Update 2020-12-29: Bad Nankin, Withlacoochee River 2020-12-28.
Merry Christmas, although this isn’t a preseent anybody would want. Michael and Jacob Bachrach tested Friday after Thursday’s rains, and got really bad results at Knights Ferry Boat Ramp and bad enough at Nankin on the Withlacoochee River. State Line Boat Ramp has probably gotten the contamination washed down there by now, and into Florida.
Meanwhile, last we heard from Valdosta, both US 41 and GA 133 had bad results for Monday after rain last Sunday.
We do have some good results from the Suwannee and Alapaha Rivers from before the Thursday rain. Since there is much less manure upstream on those rivers, chances are they stayed cleaner after the storm, but we have no more recent test results for those.
The Bachrachs did try to count the E. coli colonies on the Knights Ferry plates, and the result would have been more than 8,000 cfu/100 mL, way above the Georgia Adopt-A-Stream alert limit of 1,000. Yet when the plate background turns purple like that, AAS says to call it TNTC for Too Many to Count. I’d avoid that water.
It’s likely some of this contamination came out of Brooks County on Okapilco Creek, and some may have come all the way down from near Moultrie in Colquitt County. Maybe Valdosta’s results for tomorrow will show more.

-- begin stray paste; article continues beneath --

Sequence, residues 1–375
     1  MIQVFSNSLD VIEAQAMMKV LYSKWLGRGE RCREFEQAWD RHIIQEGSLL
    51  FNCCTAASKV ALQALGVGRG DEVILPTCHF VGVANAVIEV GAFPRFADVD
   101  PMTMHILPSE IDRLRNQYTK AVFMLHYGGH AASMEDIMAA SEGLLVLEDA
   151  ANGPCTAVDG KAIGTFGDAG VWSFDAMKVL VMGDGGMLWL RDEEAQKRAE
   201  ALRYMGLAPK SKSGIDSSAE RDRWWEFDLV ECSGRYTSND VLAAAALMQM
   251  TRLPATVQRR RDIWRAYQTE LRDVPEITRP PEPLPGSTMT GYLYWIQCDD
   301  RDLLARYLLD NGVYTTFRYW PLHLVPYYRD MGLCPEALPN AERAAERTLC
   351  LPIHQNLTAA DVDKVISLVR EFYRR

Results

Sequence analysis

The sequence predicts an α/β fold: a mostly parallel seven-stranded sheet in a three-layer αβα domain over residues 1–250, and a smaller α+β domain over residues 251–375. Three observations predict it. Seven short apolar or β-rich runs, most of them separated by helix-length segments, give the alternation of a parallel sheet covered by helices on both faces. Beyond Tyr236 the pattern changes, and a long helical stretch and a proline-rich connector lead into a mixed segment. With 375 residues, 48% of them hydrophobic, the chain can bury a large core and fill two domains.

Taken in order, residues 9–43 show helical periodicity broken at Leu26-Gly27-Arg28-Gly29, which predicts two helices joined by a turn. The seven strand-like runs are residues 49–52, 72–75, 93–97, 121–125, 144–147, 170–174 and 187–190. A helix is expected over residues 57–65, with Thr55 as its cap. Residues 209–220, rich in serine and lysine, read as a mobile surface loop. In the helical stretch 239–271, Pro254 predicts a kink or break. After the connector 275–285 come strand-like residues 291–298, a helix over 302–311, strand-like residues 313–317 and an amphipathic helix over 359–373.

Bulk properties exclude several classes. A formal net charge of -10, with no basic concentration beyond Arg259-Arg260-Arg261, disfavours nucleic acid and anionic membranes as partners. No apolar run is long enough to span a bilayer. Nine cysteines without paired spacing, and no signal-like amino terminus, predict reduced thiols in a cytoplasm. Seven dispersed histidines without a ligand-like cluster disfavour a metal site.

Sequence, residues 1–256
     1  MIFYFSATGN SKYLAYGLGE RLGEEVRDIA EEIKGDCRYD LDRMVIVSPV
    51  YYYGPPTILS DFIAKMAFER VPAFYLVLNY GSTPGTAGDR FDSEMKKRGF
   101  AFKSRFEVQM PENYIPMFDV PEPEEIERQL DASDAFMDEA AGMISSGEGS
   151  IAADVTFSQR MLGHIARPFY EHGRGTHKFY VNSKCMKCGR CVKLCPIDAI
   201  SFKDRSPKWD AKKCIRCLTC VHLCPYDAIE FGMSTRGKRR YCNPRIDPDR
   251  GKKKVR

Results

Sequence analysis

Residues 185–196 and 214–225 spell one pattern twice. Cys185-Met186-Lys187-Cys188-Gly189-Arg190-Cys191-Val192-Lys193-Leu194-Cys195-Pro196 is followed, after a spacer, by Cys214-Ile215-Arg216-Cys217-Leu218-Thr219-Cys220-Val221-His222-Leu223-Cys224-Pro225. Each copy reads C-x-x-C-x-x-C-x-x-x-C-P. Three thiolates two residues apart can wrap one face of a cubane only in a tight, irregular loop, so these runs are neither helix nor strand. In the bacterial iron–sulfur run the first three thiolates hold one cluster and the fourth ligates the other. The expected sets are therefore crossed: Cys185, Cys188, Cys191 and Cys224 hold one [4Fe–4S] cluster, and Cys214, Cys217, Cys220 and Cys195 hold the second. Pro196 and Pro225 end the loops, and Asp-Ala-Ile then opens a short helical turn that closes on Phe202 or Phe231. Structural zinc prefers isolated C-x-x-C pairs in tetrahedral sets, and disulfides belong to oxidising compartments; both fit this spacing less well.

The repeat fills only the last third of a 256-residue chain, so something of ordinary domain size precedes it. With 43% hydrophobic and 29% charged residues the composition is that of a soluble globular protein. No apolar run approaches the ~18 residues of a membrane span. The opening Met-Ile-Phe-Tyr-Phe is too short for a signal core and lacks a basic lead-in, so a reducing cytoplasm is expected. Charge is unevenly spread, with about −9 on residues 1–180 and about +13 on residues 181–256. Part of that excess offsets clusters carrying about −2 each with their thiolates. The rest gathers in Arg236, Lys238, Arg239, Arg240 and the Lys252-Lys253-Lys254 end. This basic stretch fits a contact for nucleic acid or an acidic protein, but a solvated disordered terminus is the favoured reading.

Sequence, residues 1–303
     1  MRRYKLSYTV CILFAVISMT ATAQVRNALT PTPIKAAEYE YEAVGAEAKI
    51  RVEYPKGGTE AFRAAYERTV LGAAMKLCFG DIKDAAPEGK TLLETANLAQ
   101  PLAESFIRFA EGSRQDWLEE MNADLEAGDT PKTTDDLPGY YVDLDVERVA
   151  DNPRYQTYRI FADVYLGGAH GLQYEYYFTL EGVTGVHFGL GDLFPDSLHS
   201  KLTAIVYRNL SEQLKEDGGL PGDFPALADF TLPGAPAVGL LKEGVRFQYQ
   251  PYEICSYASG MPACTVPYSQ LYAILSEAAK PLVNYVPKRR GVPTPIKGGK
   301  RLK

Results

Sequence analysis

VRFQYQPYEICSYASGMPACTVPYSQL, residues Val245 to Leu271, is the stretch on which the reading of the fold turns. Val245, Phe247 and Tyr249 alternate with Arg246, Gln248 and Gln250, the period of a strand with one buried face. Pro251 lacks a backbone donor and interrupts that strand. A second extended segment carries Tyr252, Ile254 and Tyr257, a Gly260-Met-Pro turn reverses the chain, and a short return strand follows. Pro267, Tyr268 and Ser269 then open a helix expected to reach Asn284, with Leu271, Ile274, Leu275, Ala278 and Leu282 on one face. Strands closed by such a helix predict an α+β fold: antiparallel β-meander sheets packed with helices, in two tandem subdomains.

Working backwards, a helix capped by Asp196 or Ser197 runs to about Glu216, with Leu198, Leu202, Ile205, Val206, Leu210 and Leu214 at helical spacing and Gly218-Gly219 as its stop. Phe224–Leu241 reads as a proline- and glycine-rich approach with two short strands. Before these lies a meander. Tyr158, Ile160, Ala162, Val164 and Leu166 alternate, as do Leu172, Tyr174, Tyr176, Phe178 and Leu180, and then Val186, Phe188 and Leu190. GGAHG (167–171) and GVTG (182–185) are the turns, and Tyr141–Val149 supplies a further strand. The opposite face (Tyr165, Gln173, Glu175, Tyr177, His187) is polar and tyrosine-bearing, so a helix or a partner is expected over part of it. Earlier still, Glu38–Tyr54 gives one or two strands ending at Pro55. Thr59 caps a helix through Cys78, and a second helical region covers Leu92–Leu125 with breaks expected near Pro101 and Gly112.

Nankin Boat Ramp showed 500, which is well above the one-time sample limit of 410.
Since we have no results more recent than Monday for them, Langdale Park (for US 41) and GA 133 still show red on the worst Swim Guide map in recent memory.
There’s also a good chance the Thursday rains washed more contamination in above US 41 and GA 133. For now, this is what we know:
Chart: really bad Christmas Day 2020
For context and the entire WWALS composite spreadsheet of Georgia and Florida water quality results, rainfall, and spills, see:
Meanwhile, Josh and Angela Duncan got a good 33 cfu/100 mL for Wednesday, December 23, 2020, at Sasser Landing on the Alapaha River. There was quite a bit of rain upstream on the Alapaha the next day, but usually the Alapaha stays cleaner than the Withlacoochee River.
Suzy Hall tried testing at Gibson Park on the Suwannee River, just upstream of the Alapaha River Confluence and upstream from the Withlacoochee River Confluence. Unfortunately, her control plate for Tuesday, December 22, 2020, turned out bad, so we can’t use her results. That’s too bad, because the three actual test plates looked clean. There seems to be a jinx on testing at Gibson Park: it has always been odd in some way.
Suzy did send these pictures, though. Click on any small picture for a larger one.
-jsq, John S. Quarterman, Suwannee RIVERKEEPER®
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